It’s Father’s Day weekend, and many fellow dads out there may be looking for a good excuse to go out and buy some new gadgets. A new mobile phone maybe, a better camera or even a tablet. Go ahead, I say. Because tech, when used right, can help you to be a better dad.
My first daughter was born five years ago this month, and while there might be downsides to being an always connected father – I’m the first one to admit that checking email at the playground is a bad habit, but also that I do it nonetheless – there are also plenty of examples for technology saving the day, and memories for years to come. Here are some of the apps, tools and tricks that have helped me to be a better dad:
Timing those contractions. Being a geek dad starts early, and this one can be particularly helpful if you’re trying to be useful in those hours before birth without freaking everyone out. For the birth of my first daughter, I still tried to count and calculate contractions the old way, and quickly gave up. Getting caught up in math problems really isn’t a great way to calm your partner’s nerves. The second time around, I just discreetly pressed a button on my Android phone and left the calculating to a contraction timer app. That was much less effort and calmed my nerves – until the numbers told me that it was, in fact, time to finally freak out.
Skype is for grandma. Part of being a dad is to keep in touch with the rest of your family despite parenthood seemingly eating up every minute of your non-work life. That can be even more challenging when some of your relatives are hundreds, or in my case thousands of miles away. Skype to the rescue! Video calls not only help you to stay in touch, but they can be excellent for show-and-tell as well, allowing your kids to share their lives with grandma and make the world feel that much smaller.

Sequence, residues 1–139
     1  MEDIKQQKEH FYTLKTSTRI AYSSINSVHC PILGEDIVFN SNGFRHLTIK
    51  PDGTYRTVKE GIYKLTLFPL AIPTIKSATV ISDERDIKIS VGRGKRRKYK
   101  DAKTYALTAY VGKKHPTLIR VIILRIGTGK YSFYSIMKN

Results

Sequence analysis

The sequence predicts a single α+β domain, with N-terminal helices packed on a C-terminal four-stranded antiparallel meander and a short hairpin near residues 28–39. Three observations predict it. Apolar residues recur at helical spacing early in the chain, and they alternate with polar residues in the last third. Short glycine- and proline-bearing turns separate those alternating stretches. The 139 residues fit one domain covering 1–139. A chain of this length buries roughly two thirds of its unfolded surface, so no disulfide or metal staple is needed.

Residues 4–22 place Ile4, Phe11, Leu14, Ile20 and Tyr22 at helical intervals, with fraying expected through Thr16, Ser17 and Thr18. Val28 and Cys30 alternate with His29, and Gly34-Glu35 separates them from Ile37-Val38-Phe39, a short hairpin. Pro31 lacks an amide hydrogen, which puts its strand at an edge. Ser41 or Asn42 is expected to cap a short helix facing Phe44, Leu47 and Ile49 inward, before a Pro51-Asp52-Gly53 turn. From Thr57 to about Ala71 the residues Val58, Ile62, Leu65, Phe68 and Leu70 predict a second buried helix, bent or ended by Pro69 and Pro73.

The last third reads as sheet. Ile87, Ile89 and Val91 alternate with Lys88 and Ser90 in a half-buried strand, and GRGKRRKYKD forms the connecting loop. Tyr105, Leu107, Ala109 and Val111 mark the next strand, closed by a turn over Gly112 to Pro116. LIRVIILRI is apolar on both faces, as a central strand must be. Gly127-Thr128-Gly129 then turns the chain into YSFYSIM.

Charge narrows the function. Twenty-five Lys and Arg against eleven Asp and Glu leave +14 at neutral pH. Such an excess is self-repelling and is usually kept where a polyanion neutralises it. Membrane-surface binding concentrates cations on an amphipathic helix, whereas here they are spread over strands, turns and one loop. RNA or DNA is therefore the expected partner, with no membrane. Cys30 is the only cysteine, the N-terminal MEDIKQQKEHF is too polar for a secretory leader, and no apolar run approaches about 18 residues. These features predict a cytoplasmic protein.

Let’s take a photo of it. Every parent has been there: You’re at a store, and your son or daughter really wants to have this one toy more than anything else in the world. Pleeeeeease! First it’s cute, then you’re getting into an argument, and soon the breakdown is inevitable. That’s when camera phones are lifesavers. I started long ago to take photos of things my older daughter wants to have, but doesn’t get to buy that day. It calms her down, and we know exactly what she wants and can put it on her birthday wish list – or forget about it if it turned out to be not that important to her after all.
Cloud to the rescue. Speaking of photos: One of the great things about tech is that it’s much easier to capture precious moments. Of course, it’s also much easier to lose all the data you have, which is why I long ago started to automatically back up all of my photos to a cloud storage service, in addition to the external backup hard drive I have at home. I’m using Sugarsync, but other services may suit your personal needs even better. I also started to have a second cloud backup of all my cell phone pictures when I installed the Google+ app on my phone last year. Google+ doesn’t just automatically upload every photo you take, it also allows for easy sharing with select groups of friends or family members – which is great if you’re not comfortable with the idea of sharing your kids’ lives with all of your online friends and followers.
Stay connected. Sending your kids off to day care or preschool can be tough, because you suddenly get to spend a lot less time with them. Luckily, tech can help you stay connected. When I enrolled my daughter in preschool two years ago, one of the first things I did was to set up a Posterous group for all of the preschool’s parents. Her teacher usually takes a few photos every day that automatically get sent to all of the parents – and there’s nothing better during a long day of work than to get an email that shows your daughter, drawing a picture, smiling.
Liked this story? Then check these ones out as well:
- 5 things my 4-year-old taught me about technology
- Why I’ll let my daughter shape her own digital identity
And of course, feel free to share your favorite tech tips for dads in the comments. Happy Father’s Day, everyone!